Fleet News

PM labels Manchester clean air zone “completely unworkable”

Car exhaust

The Prime Minister, Boris Johnson, has told MPs that Greater Manchester’s clean air zone (CAZ) is “completely unworkable” and will “damage” local businesses.

Johnson was asked by local MP James Grundy to intervene in the scheme at PMQs in Parliament yesterday (Wednesday, February 2).   

Grundy said: "The Greater Manchester mayoral clean air zone scheme, effectively a congestion charge affecting all 500 square miles of Greater Manchester, including my constituents in Leigh, is a job-destroying tax on ordinary workers.

"We all want clean air, but the model proposed by Mayor (Andy) Burnham is unworkable and economically devastating with charges of £60 per day, per lorry driver.

“Will the PM intervene to prevent Mayor Burnham from inflicting this disastrous Labour scheme on Greater Manchester?"

In response, Johnson said: "I know from my own experience how vital it is when you're trying to clean up air in a great city that you do not unjustly penalise business and small business and it's become clear that the scheme proposed by the Labour mayor in Manchester is completely unworkable, would do more damage to businesses and residents in Manchester.

He added: "The Secretary of State for the Environment will be saying more about this in the coming days."

The Government has been calling on local authorities to introduce CAZs since the UK's highest court, the Supreme Court, ordered ministers in 2015 to take immediate action to cut air pollution

A ‘Category C’ charging clean air zone (CAZ) covering Greater Manchester is due to be launched from May 30, and will operate seven days a week, 24 hours a day.

Non-compliant coaches and HGVs will be charged £60 to enter the zone, and taxis and private hire vehicles £7.50, with a temporary exemption for Greater Manchester-licensed vehicles until May 31, 2023.

Older vans and minibuses will also get an exemption until the same date but will be charged £10 thereafter.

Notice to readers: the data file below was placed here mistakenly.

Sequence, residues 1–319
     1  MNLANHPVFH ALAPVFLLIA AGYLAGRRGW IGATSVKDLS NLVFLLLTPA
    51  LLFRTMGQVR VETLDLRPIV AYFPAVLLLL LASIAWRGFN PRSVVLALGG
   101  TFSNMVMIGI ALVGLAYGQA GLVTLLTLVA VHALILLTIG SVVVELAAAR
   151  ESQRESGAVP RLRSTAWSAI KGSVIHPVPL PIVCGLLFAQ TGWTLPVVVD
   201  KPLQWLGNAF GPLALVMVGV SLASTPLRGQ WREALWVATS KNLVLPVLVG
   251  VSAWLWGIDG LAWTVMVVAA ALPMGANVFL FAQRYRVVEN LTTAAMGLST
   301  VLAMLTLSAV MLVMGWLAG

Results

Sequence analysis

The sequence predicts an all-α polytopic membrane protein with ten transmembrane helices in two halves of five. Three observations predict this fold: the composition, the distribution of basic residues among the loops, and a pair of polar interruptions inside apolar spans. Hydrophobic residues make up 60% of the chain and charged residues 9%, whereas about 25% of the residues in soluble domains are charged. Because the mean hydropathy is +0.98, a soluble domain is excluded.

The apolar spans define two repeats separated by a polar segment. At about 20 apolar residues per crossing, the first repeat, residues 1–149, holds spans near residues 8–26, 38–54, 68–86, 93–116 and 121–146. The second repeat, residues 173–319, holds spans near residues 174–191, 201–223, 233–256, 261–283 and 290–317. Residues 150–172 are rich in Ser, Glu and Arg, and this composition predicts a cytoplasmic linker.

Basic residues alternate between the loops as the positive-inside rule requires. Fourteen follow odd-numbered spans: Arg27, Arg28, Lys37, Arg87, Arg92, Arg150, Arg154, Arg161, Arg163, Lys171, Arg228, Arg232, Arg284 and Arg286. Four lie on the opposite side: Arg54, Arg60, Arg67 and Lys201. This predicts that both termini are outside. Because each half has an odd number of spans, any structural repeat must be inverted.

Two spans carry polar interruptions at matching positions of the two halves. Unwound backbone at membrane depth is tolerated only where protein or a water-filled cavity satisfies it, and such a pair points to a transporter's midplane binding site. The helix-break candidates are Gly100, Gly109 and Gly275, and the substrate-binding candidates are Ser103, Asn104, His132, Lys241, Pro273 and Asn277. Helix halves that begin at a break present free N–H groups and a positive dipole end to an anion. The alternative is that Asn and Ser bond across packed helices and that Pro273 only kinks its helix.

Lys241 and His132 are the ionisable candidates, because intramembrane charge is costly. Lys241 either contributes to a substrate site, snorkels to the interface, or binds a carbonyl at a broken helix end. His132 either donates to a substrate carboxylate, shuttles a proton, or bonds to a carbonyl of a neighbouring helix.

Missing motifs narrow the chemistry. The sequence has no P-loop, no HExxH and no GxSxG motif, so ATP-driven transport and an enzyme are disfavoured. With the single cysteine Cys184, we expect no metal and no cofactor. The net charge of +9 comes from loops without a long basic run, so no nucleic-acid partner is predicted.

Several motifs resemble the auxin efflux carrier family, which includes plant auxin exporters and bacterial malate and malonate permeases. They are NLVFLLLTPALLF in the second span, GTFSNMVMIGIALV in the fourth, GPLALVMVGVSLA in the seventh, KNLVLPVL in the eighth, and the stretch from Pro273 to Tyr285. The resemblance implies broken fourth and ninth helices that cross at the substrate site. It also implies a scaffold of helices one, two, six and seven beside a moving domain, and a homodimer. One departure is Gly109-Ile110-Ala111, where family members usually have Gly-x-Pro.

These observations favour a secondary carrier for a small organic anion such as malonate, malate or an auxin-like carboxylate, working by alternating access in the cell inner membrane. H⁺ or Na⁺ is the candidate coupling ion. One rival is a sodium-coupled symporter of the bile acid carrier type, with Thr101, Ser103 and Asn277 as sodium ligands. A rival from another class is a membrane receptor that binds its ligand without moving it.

Charges will be based on vehicles meeting certain emission standards – Euro6/VI or better for diesel engines, and Euro4 or better for petrol.

Last month, Burnham asked the Government to pause funding to upgrade vans, taxis, coaches and minibuses to cleaner models, with operators unable to access new vehicles and record prices in the used market.

He said that Greater Manchester's leaders had "repeatedly raised concerns" about the level of funding being offered to help people upgrade vehicles.

He added that he was "not and have never been the instigator nor the final decision maker in this scheme" and the government had "initiated it".

The region had secured £120 million in Government funding to help fleets upgrade to cleaner, compliant vehicles, with applications for HGVs opening in November, last year.

It had earmarked £87.9m for its Clean Commercial Vehicle Fund to upgrade vans, HGVs, coaches and minibuses, and £21.4m through the Clean Taxi Fund for GM-licensed taxi and private hire vehicle owners, drivers and operators to switch to cleaner vehicles.

Burnham has asked the environment secretary to delay full implementation of the scheme until 2027, which he said would "provide the opportunity to make significant changes... to allow supply chain issues and market conditions to stabilise whilst finding more effective ways to achieve compliance".

Leave a comment for your chance to win £20 of John Lewis vouchers.

Every issue of Fleet News the editor picks his favourite comment from the past two weeks – get involved for your chance to appear in print and win!

Login to comment


No comments have been made yet.

Related content

Compare costs of your company cars

Looking to acquire new vehicles? Check how much they'll cost to run with our Car Running Cost calculator.

What is your BIK car tax liability?

The Fleet News car tax calculator lets you work out tax costs for both employer and employee